journal = "American Society of Clinical Oncology educational book / ASCO. American Society of Clinical Oncology. Meeting",
issn = "1548-8756",
publisher = "American Society of Clinical Oncology",

}

TY - JOUR

T1 - Ampullary cancer

T2 - an overview

AU - Ahn, Daniel

AU - Bekaii-Saab, Tanios

PY - 2014/1/1

Y1 - 2014/1/1

N2 - Ampullary cancers are rare, accounting for only 0.2% of gastrointestinal cancers and approximately 7% of all periampullary cancers. They arise from the ampullary complex, distal to the confluence of the common bile and pancreatic duct (Fig. 1). In contrast to other periampullary malignancies, true ampullary cancers present earlier in their disease course with symptoms that result from biliary obstruction. It is often difficult to distinguish primary ampullary cancers from other periampullary cancers preoperatively. In early stages, ampullary cancers are surgically treated, similar to pancreatic cancers, and typically with a pancreatico-duodenoectomy (or Whipple procedure). Because of their earlier presentation, resection rates for all patients are much higher than other periampullary carcinomas. Moreover, their prognosis tends to be better than those with other periampullary- and pancreatic-originating cancers. In patients with true ampullary cancer, there is very limited data to guide physicians on the choice of therapy, largely because of the rarity of the disease and the paucity of related research. Herein, we provide an overview of the biology, histology, current therapeutic strategies, and potential future therapies for carcinomas arising from the ampulla of Vater.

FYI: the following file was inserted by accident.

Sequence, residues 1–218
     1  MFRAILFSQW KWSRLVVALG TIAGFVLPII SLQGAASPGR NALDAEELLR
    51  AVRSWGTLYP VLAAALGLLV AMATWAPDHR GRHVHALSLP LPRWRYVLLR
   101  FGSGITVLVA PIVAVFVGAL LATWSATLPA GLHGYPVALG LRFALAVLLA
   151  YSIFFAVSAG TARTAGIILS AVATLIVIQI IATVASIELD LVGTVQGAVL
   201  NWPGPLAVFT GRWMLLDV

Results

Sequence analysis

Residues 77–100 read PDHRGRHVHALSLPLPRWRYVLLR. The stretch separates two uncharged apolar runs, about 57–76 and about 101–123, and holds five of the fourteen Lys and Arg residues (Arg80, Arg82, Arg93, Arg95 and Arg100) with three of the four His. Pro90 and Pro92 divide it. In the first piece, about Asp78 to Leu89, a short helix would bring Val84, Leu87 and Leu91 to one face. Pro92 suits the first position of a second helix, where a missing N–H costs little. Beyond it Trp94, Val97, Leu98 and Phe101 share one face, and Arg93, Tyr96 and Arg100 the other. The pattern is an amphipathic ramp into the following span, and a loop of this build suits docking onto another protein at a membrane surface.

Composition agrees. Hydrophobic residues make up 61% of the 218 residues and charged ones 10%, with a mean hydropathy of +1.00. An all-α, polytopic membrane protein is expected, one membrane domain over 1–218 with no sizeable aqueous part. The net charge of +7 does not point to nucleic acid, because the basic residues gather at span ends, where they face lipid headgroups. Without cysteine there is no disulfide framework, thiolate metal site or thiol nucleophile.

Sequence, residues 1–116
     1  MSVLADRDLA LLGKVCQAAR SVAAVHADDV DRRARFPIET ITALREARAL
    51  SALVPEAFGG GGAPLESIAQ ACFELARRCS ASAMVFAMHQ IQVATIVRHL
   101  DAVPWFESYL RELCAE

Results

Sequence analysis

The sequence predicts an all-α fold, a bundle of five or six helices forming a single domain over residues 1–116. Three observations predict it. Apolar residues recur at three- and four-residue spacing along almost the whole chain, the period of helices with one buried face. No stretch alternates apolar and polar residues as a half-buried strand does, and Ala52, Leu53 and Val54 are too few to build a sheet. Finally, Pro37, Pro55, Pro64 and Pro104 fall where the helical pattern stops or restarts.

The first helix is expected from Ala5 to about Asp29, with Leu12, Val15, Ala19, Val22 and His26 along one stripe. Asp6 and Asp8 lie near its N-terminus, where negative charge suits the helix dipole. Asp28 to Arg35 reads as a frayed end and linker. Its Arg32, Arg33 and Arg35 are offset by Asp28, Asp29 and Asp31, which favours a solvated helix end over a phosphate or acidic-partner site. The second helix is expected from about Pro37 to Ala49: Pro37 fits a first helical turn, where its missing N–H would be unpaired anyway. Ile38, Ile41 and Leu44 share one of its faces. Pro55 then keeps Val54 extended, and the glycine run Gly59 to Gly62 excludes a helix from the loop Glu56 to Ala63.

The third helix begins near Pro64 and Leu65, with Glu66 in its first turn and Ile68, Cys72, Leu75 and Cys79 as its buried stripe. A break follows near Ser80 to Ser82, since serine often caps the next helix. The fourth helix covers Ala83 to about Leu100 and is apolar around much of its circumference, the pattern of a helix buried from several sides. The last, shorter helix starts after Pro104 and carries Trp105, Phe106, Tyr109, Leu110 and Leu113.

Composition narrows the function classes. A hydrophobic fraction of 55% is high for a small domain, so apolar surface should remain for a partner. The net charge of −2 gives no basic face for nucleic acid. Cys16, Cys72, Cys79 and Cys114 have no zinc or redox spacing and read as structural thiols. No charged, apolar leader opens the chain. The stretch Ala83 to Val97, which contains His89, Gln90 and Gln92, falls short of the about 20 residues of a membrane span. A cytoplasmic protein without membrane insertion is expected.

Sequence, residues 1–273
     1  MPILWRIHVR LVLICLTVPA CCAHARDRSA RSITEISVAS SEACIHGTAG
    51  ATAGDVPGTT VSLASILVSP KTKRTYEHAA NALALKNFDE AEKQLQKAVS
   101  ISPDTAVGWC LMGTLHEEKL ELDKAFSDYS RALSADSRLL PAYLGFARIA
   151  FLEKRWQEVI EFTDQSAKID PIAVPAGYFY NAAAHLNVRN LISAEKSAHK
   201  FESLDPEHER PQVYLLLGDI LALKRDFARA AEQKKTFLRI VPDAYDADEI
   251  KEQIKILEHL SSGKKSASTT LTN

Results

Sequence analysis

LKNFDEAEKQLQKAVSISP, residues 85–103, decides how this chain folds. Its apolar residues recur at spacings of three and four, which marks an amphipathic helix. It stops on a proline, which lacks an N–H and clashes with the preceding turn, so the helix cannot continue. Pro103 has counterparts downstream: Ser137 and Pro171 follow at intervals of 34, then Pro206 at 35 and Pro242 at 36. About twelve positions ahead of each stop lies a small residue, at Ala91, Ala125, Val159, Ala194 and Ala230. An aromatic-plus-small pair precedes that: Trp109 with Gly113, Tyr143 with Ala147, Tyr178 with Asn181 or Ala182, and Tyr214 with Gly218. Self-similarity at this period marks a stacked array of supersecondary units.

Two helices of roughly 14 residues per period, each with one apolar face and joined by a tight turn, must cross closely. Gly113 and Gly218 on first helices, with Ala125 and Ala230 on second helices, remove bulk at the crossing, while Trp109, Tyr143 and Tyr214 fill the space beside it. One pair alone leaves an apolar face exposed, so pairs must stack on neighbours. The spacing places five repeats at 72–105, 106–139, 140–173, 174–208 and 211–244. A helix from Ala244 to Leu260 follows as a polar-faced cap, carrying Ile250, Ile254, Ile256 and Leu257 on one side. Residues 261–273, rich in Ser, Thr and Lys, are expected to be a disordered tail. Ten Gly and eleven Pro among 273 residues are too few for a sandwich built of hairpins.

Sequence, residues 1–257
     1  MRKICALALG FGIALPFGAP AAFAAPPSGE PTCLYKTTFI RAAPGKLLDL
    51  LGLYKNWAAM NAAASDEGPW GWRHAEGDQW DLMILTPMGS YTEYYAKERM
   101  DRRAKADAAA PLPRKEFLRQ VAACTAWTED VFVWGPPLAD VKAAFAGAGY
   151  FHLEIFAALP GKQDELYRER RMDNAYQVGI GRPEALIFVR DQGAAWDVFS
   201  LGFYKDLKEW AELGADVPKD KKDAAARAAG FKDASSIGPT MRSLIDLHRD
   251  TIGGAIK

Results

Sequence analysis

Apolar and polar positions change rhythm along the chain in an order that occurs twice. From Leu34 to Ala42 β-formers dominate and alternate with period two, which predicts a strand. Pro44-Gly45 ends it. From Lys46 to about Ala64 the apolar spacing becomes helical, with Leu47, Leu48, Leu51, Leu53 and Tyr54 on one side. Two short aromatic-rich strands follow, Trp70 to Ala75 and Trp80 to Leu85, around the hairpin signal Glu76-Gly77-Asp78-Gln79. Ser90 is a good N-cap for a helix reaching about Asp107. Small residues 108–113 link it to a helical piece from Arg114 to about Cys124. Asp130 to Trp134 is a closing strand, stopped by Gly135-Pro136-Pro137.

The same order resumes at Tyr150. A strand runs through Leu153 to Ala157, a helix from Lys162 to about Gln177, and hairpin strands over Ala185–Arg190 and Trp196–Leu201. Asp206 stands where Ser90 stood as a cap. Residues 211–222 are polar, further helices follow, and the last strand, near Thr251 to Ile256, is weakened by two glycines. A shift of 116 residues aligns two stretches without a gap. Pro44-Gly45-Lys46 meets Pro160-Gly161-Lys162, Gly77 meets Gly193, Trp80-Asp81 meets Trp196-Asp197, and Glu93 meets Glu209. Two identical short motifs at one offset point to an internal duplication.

AB - Ampullary cancers are rare, accounting for only 0.2% of gastrointestinal cancers and approximately 7% of all periampullary cancers. They arise from the ampullary complex, distal to the confluence of the common bile and pancreatic duct (Fig. 1). In contrast to other periampullary malignancies, true ampullary cancers present earlier in their disease course with symptoms that result from biliary obstruction. It is often difficult to distinguish primary ampullary cancers from other periampullary cancers preoperatively. In early stages, ampullary cancers are surgically treated, similar to pancreatic cancers, and typically with a pancreatico-duodenoectomy (or Whipple procedure). Because of their earlier presentation, resection rates for all patients are much higher than other periampullary carcinomas. Moreover, their prognosis tends to be better than those with other periampullary- and pancreatic-originating cancers. In patients with true ampullary cancer, there is very limited data to guide physicians on the choice of therapy, largely because of the rarity of the disease and the paucity of related research. Herein, we provide an overview of the biology, histology, current therapeutic strategies, and potential future therapies for carcinomas arising from the ampulla of Vater.

UR - http://www.scopus.com/inward/record.url?scp=84946216892&partnerID=8YFLogxK

UR - http://www.scopus.com/inward/citedby.url?scp=84946216892&partnerID=8YFLogxK

U2 - 10.14694/EdBook_AM.2014.34.112

DO - 10.14694/EdBook_AM.2014.34.112

M3 - Review article

SP - 112

EP - 115

JO - American Society of Clinical Oncology educational book / ASCO. American Society of Clinical Oncology. Meeting

JF - American Society of Clinical Oncology educational book / ASCO. American Society of Clinical Oncology. Meeting

SN - 1548-8756

ER -